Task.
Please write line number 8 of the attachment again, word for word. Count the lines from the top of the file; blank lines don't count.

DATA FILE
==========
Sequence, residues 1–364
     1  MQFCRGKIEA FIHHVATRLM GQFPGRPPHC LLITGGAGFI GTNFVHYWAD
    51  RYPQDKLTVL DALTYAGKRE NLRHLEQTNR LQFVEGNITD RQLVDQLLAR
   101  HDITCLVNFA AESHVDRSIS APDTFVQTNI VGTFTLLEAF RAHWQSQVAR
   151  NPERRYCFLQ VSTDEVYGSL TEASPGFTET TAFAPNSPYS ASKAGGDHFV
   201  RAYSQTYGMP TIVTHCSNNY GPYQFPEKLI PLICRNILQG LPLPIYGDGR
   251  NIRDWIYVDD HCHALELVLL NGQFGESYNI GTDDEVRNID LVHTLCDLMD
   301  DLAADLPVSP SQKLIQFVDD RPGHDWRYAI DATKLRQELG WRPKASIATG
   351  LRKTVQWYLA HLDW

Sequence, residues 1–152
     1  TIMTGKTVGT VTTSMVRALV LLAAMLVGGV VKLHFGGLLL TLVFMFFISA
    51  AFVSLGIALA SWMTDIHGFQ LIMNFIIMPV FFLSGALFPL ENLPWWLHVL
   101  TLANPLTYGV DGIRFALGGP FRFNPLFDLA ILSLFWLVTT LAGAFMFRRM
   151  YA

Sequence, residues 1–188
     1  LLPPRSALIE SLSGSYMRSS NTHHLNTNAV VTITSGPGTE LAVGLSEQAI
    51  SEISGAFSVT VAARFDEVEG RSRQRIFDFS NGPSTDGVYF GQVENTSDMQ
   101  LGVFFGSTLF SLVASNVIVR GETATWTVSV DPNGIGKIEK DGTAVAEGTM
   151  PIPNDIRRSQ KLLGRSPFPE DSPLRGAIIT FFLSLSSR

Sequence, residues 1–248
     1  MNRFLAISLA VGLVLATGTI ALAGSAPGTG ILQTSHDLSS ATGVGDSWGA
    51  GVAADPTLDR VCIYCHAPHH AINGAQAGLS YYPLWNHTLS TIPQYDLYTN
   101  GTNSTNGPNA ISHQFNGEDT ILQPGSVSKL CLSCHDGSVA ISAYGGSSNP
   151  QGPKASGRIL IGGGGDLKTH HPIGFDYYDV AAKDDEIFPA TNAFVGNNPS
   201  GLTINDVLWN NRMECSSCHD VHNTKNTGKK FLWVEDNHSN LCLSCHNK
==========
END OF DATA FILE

   301  DLAADLPVSP SQKLIQFVDD RPGHDWRYAI DATKLRQELG WRPKASIATG